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CORPORATE MANSLAUGHTER: REVIEW OF ISSUES

International law firm provide review and ‘pointers’ on CMCH Act

The firm Kennedys Law LLP has provided ‘pointers’ to the future under the Corporate Manslaughter and Corporate Homicide Act 2007 (CMCH) prosecutions using a review of the Lion Steel case to address the following questions:

  • Did the case against Lion Steel and its trial provide any pointers to those involved in safety management policy and decision making?
  • Are companies and their lawyers any further forward in understanding some of the key provisions of the Act?
  • Why has it taken five years for the authorities to bring only three cases to a conclusion?

The following ‘pointers’ are also identified:

“The first is to be very careful about one’s response to guidance and warnings provided by the HSE and other regulators, as well as to that given by safety consultants and insurers. Although because of Lion Steel’s guilty plea the point was not played out before a jury, the Judge took the opportunity to hang his sentencing hat (or wig) in part on the knowledge at senior management level of a letter from the HSE in 2006 which suggested warning notices be considered for the roof. Had the company responded actively to that suggestion, whether by fitting signs or explaining in a logical way why an alternative course would be appropriate, that particular “gun” could have been rendered non-smoking. Equally, had the company, its insurers and its safety consultant engaged with each other in a more careful way then the Prosecution could have been denied some of its evidence.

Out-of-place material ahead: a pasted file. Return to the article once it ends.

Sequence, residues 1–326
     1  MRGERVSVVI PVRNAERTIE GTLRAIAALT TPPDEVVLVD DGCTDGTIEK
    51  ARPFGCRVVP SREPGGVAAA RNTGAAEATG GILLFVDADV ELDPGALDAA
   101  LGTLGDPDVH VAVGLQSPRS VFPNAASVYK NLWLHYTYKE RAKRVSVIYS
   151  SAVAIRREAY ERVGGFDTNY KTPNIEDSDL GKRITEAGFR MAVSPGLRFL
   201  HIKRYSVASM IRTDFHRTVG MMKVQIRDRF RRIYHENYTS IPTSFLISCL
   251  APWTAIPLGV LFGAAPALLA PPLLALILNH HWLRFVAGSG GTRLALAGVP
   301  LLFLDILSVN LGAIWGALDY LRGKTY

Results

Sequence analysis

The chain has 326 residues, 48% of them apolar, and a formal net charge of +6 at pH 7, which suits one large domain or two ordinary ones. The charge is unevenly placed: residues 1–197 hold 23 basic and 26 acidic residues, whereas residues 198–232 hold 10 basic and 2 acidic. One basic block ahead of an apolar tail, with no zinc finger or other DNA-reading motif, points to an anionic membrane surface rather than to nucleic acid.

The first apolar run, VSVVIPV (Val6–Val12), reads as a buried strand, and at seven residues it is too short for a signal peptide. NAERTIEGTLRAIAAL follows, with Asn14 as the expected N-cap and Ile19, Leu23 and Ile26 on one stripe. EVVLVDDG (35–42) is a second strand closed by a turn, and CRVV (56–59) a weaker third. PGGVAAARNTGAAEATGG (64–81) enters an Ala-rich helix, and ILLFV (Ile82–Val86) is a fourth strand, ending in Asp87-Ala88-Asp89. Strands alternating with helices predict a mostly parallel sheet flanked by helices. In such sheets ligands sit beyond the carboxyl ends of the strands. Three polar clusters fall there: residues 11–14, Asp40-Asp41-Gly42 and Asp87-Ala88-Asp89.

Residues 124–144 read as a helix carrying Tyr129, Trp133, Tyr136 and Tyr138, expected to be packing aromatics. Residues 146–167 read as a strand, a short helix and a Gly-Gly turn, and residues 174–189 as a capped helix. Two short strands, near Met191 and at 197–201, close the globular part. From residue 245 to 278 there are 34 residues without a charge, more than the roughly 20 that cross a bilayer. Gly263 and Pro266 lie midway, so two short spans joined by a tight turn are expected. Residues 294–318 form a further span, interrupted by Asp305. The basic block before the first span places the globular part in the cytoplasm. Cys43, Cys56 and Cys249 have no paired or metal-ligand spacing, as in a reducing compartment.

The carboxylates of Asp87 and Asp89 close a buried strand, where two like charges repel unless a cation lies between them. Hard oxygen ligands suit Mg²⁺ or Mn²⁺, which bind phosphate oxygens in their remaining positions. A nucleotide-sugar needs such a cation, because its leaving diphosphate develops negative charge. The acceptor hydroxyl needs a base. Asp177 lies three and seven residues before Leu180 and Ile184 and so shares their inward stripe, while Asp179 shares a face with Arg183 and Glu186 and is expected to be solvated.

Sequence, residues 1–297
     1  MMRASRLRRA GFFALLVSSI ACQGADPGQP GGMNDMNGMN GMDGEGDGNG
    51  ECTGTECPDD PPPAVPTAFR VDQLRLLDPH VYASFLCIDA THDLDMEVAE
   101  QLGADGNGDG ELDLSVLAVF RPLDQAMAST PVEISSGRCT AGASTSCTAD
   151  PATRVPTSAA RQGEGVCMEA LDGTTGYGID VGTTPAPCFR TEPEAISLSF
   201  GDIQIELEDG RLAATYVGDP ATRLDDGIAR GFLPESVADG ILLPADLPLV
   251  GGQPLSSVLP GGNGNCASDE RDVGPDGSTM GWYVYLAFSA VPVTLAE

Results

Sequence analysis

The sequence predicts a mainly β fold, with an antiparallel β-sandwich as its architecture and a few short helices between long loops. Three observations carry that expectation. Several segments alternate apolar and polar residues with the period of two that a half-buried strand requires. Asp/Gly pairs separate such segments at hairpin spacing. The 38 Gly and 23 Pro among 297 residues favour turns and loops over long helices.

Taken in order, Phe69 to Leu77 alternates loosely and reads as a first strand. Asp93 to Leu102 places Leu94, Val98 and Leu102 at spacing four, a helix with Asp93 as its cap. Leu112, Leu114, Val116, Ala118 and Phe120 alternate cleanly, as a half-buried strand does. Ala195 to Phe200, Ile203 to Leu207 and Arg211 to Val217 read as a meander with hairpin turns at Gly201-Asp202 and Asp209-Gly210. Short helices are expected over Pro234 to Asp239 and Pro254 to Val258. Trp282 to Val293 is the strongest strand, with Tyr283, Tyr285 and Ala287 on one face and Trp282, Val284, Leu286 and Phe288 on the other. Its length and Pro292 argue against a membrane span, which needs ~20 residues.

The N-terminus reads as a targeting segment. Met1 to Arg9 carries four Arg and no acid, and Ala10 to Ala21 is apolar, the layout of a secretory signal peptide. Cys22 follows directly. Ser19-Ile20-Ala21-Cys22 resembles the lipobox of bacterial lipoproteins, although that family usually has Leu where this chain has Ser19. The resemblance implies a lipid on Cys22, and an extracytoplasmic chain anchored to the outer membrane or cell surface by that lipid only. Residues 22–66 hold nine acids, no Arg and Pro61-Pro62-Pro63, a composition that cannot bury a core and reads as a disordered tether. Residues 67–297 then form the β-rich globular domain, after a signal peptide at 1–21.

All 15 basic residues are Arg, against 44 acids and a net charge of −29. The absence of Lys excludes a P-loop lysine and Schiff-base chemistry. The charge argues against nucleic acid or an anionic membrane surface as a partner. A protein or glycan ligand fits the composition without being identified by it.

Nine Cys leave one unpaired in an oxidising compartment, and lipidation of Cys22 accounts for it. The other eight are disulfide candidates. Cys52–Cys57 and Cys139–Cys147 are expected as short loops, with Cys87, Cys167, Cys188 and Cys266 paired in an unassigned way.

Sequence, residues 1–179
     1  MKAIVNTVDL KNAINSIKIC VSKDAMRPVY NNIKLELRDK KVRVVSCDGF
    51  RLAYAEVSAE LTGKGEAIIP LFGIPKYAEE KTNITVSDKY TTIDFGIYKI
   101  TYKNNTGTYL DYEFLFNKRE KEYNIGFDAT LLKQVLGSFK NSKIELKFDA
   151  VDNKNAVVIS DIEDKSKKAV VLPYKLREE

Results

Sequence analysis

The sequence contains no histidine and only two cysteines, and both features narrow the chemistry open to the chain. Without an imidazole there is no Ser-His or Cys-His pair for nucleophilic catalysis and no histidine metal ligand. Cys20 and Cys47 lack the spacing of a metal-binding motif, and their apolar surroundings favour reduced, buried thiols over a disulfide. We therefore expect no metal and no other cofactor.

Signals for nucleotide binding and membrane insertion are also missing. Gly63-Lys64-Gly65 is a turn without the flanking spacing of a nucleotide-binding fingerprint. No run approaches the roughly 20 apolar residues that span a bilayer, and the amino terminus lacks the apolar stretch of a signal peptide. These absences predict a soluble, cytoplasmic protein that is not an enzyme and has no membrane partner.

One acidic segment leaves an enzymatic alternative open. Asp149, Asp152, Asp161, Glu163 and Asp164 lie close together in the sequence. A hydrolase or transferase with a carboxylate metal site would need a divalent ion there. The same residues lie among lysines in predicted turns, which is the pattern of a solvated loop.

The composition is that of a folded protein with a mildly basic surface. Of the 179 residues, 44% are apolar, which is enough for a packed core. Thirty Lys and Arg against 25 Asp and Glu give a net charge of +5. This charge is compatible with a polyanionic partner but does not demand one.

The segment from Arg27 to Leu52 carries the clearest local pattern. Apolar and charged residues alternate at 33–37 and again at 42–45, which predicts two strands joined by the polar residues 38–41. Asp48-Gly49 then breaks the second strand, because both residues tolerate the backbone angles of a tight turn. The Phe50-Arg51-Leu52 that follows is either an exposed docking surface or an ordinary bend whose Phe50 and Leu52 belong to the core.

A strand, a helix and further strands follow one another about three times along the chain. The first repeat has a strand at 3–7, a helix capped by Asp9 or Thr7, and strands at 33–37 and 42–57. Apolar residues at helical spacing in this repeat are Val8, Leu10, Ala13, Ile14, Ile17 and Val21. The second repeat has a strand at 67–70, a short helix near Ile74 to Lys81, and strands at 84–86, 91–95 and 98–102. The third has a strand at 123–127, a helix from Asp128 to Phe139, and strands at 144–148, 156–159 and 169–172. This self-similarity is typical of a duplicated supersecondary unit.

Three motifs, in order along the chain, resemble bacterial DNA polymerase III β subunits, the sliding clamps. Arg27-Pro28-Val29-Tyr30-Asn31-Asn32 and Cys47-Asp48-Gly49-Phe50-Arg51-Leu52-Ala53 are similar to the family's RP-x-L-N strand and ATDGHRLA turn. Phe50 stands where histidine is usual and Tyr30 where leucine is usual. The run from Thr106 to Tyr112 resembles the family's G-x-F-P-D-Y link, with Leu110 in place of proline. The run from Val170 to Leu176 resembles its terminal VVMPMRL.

The second pointer relates to the delineation and understanding of directors and other senior managers’ roles and responsibilities. This was an issue which in the absence of clear company job descriptions and budgetary authorities led to much wrangling in court. While one might argue that clear job descriptions and responsibility matrices and understanding in some cases make it easier for a prosecutor to pursue a particular director, the stronger argument if there is confusion and uncertainty in this area then the chances of a wide ranging prosecution are likely to be higher, not to mention the accident itself.

Finally, there was evidence in the Lion Steel case of different standards of safety being applied at the company’s two sites and the difference was a weakness in the company’s defence. Consistency and adherence to group standards would have improved both the company’s and the Directors’ positions.”

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